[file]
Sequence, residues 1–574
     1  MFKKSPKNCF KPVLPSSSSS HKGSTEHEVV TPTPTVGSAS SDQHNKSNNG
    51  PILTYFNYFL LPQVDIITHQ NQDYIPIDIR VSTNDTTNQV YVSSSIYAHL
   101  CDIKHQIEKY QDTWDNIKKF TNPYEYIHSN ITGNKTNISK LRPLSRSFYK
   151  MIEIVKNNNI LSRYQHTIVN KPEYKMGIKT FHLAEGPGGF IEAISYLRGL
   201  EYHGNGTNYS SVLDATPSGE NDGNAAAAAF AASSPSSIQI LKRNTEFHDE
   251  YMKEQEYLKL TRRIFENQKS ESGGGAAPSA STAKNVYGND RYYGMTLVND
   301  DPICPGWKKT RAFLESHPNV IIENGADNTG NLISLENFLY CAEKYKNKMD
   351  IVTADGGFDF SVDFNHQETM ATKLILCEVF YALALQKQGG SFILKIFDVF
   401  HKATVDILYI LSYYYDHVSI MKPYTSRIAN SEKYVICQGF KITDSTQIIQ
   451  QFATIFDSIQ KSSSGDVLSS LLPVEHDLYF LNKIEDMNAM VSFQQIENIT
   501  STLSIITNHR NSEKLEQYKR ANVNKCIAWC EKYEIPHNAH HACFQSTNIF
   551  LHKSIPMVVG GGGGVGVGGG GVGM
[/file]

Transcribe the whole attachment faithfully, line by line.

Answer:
Sequence, residues 1–574
     1  MFKKSPKNCF KPVLPSSSSS HKGSTEHEVV TPTPTVGSAS SDQHNKSNNG
    51  PILTYFNYFL LPQVDIITHQ NQDYIPIDIR VSTNDTTNQV YVSSSIYAHL
   101  CDIKHQIEKY QDTWDNIKKF TNPYEYIHSN ITGNKTNISK LRPLSRSFYK
   151  MIEIVKNNNI LSRYQHTIVN KPEYKMGIKT FHLAEGPGGF IEAISYLRGL
   201  EYHGNGTNYS SVLDATPSGE NDGNAAAAAF AASSPSSIQI LKRNTEFHDE
   251  YMKEQEYLKL TRRIFENQKS ESGGGAAPSA STAKNVYGND RYYGMTLVND
   301  DPICPGWKKT RAFLESHPNV IIENGADNTG NLISLENFLY CAEKYKNKMD
   351  IVTADGGFDF SVDFNHQETM ATKLILCEVF YALALQKQGG SFILKIFDVF
   401  HKATVDILYI LSYYYDHVSI MKPYTSRIAN SEKYVICQGF KITDSTQIIQ
   451  QFATIFDSIQ KSSSGDVLSS LLPVEHDLYF LNKIEDMNAM VSFQQIENIT
   501  STLSIITNHR NSEKLEQYKR ANVNKCIAWC EKYEIPHNAH HACFQSTNIF
   551  LHKSIPMVVG GGGGVGVGGG GVGM